Surely it'd make more sense for the name to be one of the following:
I'm sure there must be some reason and I'd hate to think it's now set in stone just because no one questioned this at the time. Is there another naming convention that I'm unaware of?
Interestingly enough, Microsoft first called it
IXMLHTTPRequest when it was first added to the MSXML library.
It was Mozilla that used the name
XMLHttpRequest when it added the concept into Gecko, implementing the idea to mimic the MS interface. It has since become the defacto standard, tying all other implementations to Mozilla's decision.
You'd have to go spelunking in the Mozilla Bugzilla to see if you can find any reasoning for the caps change there, but I suspect that not much thought went into it and the lowercasing of the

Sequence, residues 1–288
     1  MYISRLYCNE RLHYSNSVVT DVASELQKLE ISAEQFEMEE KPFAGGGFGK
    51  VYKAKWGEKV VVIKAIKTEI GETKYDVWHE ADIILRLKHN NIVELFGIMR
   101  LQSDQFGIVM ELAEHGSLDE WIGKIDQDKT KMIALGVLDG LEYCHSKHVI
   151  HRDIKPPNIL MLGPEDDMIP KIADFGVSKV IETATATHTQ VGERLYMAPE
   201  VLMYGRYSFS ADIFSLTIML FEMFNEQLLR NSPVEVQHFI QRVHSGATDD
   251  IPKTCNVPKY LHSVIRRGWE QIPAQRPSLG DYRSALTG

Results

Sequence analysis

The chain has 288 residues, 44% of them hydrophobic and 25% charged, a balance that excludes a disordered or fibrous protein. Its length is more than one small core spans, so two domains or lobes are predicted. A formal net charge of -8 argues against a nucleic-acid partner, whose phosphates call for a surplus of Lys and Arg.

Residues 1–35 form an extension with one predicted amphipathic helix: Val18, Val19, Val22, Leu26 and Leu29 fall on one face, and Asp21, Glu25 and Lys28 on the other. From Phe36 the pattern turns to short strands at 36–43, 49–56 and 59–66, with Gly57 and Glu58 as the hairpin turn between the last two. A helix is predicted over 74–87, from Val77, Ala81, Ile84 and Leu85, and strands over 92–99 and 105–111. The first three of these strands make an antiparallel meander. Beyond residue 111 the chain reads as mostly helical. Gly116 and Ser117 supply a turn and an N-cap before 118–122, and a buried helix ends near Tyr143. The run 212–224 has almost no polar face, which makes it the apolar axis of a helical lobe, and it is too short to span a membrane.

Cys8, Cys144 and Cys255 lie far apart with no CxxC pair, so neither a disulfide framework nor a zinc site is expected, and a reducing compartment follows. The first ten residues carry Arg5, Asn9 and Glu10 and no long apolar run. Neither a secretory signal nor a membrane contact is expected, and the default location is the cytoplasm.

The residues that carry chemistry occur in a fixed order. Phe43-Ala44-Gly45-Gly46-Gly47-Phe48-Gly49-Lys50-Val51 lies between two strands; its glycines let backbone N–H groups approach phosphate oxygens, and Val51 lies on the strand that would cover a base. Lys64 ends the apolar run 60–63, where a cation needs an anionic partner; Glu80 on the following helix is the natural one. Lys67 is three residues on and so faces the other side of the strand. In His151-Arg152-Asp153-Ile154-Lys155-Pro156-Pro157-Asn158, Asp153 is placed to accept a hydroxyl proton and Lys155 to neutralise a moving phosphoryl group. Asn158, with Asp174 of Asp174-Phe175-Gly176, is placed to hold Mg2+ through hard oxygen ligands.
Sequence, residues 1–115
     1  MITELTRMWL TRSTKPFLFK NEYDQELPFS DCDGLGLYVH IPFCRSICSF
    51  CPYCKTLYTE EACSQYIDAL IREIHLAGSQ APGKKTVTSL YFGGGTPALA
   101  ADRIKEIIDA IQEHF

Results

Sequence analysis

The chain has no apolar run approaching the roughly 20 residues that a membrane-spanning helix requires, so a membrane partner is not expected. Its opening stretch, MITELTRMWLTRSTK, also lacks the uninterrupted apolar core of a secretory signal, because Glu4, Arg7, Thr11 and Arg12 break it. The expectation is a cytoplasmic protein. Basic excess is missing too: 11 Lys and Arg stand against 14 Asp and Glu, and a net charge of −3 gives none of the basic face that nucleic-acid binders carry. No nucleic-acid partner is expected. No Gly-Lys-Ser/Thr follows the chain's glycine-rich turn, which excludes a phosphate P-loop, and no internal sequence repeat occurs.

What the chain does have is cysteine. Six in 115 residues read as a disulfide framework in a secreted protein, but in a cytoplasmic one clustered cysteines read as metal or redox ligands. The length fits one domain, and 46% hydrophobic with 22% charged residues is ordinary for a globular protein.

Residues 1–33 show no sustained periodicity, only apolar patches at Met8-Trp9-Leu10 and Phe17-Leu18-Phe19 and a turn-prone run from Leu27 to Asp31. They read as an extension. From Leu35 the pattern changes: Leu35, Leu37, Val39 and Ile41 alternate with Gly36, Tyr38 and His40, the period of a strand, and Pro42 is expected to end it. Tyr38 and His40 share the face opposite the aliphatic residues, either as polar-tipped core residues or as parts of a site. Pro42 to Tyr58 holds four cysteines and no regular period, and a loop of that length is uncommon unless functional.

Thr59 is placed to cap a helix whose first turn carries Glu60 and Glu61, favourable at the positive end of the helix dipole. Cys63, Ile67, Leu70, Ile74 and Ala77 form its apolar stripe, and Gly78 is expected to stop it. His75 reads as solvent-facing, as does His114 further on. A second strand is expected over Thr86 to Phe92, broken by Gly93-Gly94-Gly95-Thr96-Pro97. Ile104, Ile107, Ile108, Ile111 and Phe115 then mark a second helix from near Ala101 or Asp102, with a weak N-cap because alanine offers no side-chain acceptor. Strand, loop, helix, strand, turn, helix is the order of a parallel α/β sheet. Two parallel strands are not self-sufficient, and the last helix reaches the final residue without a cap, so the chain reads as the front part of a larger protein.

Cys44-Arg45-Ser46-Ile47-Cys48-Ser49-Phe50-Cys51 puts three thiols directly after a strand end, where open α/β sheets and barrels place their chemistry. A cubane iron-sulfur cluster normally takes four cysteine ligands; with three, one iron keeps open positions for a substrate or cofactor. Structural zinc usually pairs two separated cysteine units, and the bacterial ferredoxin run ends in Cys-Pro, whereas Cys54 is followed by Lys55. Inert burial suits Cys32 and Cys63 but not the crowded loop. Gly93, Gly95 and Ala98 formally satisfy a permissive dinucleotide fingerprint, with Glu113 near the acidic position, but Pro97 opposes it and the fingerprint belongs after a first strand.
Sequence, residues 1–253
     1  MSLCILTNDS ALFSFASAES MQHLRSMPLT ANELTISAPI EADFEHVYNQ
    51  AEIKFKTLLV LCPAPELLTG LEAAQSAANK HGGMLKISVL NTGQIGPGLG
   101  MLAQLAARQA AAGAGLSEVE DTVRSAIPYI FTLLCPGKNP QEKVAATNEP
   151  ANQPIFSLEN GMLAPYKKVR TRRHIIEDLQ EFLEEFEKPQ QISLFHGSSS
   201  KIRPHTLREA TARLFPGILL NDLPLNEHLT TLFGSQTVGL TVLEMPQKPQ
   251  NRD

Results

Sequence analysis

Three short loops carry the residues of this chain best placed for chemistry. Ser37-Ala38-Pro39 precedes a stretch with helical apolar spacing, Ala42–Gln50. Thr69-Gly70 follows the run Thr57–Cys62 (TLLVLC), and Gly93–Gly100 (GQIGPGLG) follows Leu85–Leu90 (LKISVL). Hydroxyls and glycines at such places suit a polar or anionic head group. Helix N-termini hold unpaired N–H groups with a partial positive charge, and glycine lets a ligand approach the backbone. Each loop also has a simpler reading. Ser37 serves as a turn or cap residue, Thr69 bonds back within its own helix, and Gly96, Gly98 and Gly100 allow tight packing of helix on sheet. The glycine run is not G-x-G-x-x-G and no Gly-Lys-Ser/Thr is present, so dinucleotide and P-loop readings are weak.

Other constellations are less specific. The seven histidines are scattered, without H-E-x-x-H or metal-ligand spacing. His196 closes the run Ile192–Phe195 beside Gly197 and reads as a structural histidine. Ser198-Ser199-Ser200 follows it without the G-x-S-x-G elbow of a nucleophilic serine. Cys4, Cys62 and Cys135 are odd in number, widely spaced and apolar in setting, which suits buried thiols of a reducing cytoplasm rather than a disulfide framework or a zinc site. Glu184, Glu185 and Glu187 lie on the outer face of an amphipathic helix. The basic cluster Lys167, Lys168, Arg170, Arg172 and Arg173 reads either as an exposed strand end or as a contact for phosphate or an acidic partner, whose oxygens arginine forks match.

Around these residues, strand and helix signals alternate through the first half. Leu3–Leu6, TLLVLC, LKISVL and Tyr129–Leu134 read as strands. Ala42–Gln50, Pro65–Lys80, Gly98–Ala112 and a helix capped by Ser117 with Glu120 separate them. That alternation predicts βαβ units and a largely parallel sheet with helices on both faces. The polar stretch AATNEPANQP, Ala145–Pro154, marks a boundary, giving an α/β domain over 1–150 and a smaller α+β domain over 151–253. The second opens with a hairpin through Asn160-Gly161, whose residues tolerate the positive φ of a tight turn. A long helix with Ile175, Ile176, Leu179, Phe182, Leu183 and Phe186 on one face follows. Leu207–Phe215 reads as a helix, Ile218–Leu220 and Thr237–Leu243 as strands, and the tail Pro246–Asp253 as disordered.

ttp part is accidental.
This is corroborated by the misspelling of the Microsoft interface in the nsIXMLHttpRequest interface definition (earliest revision in the Mozilla Mercurial repository):
Mozilla's XMLHttpRequest is modelled after Microsoft's IXMLHttpRequest object. The goal has been to make Mozilla's version match Microsoft's version as closely as possible, but there are bound to be some differences.
Some naming guidelines make a distinction between "short" and "long" acronyms. For instance, the coding style guide for Microsoft's .Net runtime specifies that short acronyms should be in block caps while long acronyms should only have the first letter capitalized. Their threshold for a long acronym is 3 letters, so would favor "XmlHttpRequest", however it is not unreasonable to think some people may use a similar rule with 4 characters as the threshold.
I've looked at old copies of the mozilla.org style guide, and none seem to specify anything about acronyms, but it's possible that either an older Netscape guide did, or that the developer was applying a rule he'd picked up elsewhere.